or Connect
Mothering › Mothering Forums › Natural Living › Nutrition and Good Eating › Meal Planning › Double Duty Dinners
New Posts  All Forums:Forum Nav:

Double Duty Dinners

post #1 of 36
Thread Starter 
So my idea of good meal planning is to make something like a chicken roast one night and then use the leftover meat a night or two later to make chicken fajitas or chicken curry salad or something.

However, I have a VERY hard time finding new ideas/recipes for this kind of thing. There's one food network chef who does it a bit but a lot of her meals seem really pricy.

Any of you mamas have any ideas for me? We're a meaty family, but there's just two of us to cook for.
post #2 of 36
the chicken is a good idea- another one i do is to make a pot roast with veggies, and then later use the leftovers in a beef stew.... or make spaghetti, then use the sauce for pizza's, chicken parmesan, etc.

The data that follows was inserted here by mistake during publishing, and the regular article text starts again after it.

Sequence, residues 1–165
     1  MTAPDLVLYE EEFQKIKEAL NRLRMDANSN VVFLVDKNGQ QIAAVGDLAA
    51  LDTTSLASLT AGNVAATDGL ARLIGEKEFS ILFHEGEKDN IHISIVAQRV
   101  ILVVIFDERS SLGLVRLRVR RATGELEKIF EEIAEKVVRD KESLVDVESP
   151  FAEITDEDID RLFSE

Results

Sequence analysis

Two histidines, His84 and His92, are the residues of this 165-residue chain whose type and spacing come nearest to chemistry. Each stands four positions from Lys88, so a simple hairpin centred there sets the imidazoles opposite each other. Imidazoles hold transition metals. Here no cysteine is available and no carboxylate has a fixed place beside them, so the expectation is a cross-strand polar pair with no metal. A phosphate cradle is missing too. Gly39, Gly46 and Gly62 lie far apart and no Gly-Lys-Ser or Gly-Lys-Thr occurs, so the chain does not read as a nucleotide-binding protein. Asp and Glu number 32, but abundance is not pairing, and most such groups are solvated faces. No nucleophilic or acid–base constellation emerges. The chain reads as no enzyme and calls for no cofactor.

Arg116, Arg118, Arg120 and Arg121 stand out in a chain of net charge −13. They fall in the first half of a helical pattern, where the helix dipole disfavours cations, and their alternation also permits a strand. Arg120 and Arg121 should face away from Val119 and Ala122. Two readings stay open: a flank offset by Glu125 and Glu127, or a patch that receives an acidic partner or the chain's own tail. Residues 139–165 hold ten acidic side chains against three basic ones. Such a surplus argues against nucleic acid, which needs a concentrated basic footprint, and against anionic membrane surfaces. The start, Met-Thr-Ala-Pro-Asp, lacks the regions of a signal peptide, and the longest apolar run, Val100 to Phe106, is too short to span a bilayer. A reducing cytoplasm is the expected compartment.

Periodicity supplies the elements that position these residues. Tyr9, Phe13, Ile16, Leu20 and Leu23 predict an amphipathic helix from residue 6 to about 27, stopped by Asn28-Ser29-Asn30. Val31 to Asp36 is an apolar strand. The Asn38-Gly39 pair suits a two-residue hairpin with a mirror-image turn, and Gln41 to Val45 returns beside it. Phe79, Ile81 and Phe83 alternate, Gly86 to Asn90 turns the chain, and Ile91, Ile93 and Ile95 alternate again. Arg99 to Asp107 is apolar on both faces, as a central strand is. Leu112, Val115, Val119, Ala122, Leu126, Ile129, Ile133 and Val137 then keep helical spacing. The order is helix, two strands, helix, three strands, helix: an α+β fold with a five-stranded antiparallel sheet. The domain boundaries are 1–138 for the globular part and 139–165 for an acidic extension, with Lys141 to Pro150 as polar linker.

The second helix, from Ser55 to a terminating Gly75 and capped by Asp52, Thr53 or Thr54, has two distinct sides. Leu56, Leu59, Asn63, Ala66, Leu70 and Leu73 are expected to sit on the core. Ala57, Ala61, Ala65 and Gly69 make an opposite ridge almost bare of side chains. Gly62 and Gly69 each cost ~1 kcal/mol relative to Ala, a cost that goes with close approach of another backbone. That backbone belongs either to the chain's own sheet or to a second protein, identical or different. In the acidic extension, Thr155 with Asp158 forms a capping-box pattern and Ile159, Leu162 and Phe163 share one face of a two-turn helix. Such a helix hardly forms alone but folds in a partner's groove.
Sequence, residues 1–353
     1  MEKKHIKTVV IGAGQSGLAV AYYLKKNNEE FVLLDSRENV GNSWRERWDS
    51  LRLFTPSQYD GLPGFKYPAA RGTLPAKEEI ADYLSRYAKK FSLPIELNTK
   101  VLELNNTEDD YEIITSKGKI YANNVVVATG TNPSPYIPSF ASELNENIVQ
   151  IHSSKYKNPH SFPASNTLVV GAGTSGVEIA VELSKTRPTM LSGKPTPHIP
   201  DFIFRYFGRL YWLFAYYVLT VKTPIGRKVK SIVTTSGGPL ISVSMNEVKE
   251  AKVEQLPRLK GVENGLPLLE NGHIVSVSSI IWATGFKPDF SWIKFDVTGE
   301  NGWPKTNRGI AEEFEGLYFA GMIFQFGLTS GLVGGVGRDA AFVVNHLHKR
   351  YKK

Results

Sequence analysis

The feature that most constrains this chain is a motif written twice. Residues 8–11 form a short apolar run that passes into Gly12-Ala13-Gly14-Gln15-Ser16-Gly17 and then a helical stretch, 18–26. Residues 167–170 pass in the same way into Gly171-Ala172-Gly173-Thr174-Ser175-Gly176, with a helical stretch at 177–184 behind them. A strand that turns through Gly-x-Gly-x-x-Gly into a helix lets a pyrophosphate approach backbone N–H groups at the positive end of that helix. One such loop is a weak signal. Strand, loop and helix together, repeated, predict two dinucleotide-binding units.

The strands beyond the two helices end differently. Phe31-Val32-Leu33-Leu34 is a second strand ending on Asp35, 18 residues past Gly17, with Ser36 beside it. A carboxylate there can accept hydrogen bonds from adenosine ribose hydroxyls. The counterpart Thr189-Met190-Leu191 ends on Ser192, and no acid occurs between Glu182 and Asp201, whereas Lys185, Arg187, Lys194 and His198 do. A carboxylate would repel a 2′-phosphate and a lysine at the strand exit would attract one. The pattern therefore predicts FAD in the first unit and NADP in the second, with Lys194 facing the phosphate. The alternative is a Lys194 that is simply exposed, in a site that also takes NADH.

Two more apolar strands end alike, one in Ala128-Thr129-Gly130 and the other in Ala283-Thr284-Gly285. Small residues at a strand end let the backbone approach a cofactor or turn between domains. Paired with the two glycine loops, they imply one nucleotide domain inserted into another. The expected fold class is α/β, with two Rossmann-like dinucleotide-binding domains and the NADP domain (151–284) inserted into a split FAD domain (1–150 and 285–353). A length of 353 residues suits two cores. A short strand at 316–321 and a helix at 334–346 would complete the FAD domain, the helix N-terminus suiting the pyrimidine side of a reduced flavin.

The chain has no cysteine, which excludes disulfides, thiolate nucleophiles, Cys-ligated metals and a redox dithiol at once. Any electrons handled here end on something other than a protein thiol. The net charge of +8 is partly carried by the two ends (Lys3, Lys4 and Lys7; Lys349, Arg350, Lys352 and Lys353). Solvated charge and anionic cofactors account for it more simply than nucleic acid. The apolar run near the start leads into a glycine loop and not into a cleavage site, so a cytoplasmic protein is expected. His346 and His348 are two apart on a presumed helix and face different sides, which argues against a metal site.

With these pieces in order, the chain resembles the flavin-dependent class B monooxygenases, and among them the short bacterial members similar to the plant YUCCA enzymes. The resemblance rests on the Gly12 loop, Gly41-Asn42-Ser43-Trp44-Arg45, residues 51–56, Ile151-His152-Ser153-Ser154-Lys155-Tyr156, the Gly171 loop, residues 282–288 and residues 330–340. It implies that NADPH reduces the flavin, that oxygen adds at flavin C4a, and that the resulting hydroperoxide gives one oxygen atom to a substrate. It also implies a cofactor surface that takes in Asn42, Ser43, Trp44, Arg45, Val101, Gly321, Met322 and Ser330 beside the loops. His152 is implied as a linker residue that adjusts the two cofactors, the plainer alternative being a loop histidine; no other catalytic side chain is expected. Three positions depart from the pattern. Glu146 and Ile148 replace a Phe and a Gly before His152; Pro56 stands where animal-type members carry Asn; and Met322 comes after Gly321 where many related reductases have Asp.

post #3 of 36
Thread Starter 
I did find one recipe for a slow cooker pot roast that you can turn into asian beef wraps for later in the week, and I like that one.

Any other ideas? I always thought this is what "meal planning" really was...
post #4 of 36
I do this!!!!
My last weeks plan was this....

Monday: Chicken in the crock pot, (stock frozen for soup, meat divided up) with stuffing, au gratin potatos and broccoli.
Tuesday: Pizza with hamburger, onions, mushrooms and cheese. (brown 1lb hamburger with onions and mushrooms, reserve half)
Wednesday: Chicken (leftover) in a casserole with cream of mushroom soup and veggies.
Thursday: Spaghetti with reserved hamburger, onions and mushrooms.
Friday: Leftovers.
post #5 of 36
These aren't really new ideas.. but this is what I do: